Foreshore plans drafted

Garth Falconer.
Garth Falconer.
Landscape architect Garth Falconer has produced a range of ideas for development of the Lake...
Landscape architect Garth Falconer has produced a range of ideas for development of the Lake Wanaka foreshore. Source: Queenstown Lakes District Council

A concept plan that includes plazas, promenades, piers and gardens on the Wanaka lakefront will be tabled at tomorrow's meeting of the Wanaka Community Board.

The plan is the work of Auckland landscape architect Garth Falconer, who has been contracted by the Queenstown Lakes District Council.

It covers the stretch of Roys Bay from the Wanaka Yacht Club to Pembroke Park, with particular emphasis on the area opposite the town centre.

Mr Falconer has produced six options for that area showing different configurations of car parking and a range of additions to the existing lake front reserve.

Several options show new jetties, some at the bottom of Helwick St.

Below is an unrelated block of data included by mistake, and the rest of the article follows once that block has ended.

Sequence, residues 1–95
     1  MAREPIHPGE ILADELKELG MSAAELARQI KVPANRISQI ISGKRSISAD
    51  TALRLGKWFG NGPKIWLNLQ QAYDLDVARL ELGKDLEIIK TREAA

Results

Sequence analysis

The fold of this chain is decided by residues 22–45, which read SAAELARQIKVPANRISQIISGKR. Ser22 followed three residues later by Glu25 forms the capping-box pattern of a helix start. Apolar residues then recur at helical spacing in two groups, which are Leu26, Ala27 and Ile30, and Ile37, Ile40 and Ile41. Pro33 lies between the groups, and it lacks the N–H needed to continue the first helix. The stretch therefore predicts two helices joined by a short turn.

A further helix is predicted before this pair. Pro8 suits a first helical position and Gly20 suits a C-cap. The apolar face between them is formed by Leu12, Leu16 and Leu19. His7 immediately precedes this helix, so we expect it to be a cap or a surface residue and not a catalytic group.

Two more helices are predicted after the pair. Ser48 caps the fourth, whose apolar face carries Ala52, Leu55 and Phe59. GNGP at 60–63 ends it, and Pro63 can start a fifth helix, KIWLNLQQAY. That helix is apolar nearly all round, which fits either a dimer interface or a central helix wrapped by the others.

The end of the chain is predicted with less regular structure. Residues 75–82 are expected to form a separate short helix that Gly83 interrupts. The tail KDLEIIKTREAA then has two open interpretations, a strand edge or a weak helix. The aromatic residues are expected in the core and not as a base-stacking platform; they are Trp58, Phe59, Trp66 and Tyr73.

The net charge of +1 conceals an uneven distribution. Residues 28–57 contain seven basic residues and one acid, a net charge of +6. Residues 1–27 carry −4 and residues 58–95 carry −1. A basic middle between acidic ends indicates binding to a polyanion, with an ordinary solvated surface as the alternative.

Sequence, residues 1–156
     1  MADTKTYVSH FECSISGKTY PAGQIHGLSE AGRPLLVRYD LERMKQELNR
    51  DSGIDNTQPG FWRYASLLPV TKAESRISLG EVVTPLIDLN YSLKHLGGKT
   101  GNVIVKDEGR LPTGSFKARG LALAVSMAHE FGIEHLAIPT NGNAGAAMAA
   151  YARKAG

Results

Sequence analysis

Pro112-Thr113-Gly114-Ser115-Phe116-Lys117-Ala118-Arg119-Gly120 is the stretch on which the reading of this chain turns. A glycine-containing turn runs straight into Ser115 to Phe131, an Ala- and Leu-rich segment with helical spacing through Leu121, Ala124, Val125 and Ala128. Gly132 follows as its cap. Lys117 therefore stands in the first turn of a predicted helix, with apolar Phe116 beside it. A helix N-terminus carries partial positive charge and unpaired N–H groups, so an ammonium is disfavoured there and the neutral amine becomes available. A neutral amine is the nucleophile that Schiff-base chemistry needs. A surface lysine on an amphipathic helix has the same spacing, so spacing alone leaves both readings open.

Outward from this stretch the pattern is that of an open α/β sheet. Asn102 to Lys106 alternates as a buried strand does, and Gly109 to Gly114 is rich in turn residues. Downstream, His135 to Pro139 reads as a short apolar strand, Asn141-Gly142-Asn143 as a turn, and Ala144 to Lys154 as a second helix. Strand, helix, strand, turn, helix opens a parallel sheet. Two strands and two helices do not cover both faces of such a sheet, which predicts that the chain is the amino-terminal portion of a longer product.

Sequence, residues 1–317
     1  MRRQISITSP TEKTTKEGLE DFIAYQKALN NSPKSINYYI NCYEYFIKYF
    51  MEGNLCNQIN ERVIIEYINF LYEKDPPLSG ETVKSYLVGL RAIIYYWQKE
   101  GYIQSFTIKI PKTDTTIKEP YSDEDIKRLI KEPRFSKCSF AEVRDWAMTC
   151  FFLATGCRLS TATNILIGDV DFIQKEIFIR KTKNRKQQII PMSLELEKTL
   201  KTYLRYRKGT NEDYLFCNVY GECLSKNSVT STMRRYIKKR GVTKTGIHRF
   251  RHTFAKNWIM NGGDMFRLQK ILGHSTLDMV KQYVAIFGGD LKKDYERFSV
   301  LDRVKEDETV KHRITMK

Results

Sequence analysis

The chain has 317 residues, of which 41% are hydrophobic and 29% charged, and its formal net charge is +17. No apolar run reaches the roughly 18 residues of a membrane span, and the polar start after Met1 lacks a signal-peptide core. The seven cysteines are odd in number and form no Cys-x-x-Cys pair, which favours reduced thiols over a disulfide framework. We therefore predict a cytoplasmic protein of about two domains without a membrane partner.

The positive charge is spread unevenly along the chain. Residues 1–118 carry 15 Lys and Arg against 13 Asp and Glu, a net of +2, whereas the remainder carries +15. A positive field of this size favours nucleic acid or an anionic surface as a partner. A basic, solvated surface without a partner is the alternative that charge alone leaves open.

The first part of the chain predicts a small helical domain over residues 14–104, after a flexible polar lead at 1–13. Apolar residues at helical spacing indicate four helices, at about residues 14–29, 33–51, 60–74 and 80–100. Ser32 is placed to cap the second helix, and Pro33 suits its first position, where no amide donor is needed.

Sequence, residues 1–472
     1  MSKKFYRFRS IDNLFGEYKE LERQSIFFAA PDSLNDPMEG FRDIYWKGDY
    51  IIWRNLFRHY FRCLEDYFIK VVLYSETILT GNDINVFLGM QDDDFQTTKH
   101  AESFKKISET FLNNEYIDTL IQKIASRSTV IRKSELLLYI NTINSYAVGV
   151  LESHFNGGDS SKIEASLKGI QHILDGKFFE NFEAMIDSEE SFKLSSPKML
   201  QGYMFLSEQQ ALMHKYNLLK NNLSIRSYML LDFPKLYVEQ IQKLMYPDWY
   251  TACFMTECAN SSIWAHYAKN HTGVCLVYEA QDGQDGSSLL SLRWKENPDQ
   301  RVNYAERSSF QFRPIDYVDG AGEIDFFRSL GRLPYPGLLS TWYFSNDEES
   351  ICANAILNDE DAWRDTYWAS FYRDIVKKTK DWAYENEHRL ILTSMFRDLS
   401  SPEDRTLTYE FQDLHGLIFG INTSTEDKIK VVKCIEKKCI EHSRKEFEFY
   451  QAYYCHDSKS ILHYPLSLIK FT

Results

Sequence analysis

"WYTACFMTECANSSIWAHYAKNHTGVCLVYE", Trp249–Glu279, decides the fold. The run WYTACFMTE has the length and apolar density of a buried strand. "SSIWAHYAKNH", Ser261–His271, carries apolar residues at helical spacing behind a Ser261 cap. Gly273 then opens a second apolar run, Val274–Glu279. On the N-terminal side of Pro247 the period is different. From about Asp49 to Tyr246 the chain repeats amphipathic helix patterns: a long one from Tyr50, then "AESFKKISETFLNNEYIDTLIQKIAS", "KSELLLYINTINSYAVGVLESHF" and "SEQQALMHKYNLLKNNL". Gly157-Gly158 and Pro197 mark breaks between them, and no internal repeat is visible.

None of the options show Ardmore St being closed to cars, although each has options to improve facilities for pedestrians and cyclists.

Two options show Ardmore St realigned to have more curves.

Further north, there are areas for more boat parking between the boat ramp and the yacht club, an expanded marina, a cantilevered deck walkway opposite the marina and a boardwalk to town.

South of the town centre opposite Pembroke Park, Mr Falconer suggests shifting car parks away from the lake edge.

The plan for that area shows lakefront gardens, new toilets, a viewing deck and a sculpture.

Board chairwoman Rachel Brown told the Otago Daily Times yesterday Mr Falconer had talked to all the stakeholders and looked at all previous consultation over the lake front.

The ideas were now being presented to the public for comment.

The main purpose of the plan was to rationalise parking, develop more green space and create a better connection between the town and the lake, Ms Brown said.

"So he's come up with a range of ideas to address that, from the reasonably simple to the really quite radical.''

She said it was hoped to have a clear idea of public feeling by the end of March so the board could make a recommendation to the council.

A development plan could then become part of the annual plan process so work could be prioritised and budgeted for.

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